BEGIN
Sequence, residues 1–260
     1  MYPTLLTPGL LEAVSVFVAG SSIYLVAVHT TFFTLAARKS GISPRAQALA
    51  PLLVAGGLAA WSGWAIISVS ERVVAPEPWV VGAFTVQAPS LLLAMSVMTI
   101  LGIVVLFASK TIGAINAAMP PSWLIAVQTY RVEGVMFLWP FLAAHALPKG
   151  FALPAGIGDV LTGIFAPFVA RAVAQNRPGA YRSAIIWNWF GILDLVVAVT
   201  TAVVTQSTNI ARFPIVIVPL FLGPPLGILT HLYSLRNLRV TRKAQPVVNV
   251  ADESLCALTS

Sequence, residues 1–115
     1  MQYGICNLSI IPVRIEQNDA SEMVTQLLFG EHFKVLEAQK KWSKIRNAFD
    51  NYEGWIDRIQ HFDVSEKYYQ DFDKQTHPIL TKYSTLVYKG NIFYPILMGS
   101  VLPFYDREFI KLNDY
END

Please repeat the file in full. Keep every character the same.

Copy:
Sequence, residues 1–260
     1  MYPTLLTPGL LEAVSVFVAG SSIYLVAVHT TFFTLAARKS GISPRAQALA
    51  PLLVAGGLAA WSGWAIISVS ERVVAPEPWV VGAFTVQAPS LLLAMSVMTI
   101  LGIVVLFASK TIGAINAAMP PSWLIAVQTY RVEGVMFLWP FLAAHALPKG
   151  FALPAGIGDV LTGIFAPFVA RAVAQNRPGA YRSAIIWNWF GILDLVVAVT
   201  TAVVTQSTNI ARFPIVIVPL FLGPPLGILT HLYSLRNLRV TRKAQPVVNV
   251  ADESLCALTS

Sequence, residues 1–115
     1  MQYGICNLSI IPVRIEQNDA SEMVTQLLFG EHFKVLEAQK KWSKIRNAFD
    51  NYEGWIDRIQ HFDVSEKYYQ DFDKQTHPIL TKYSTLVYKG NIFYPILMGS
   101  VLPFYDREFI KLNDY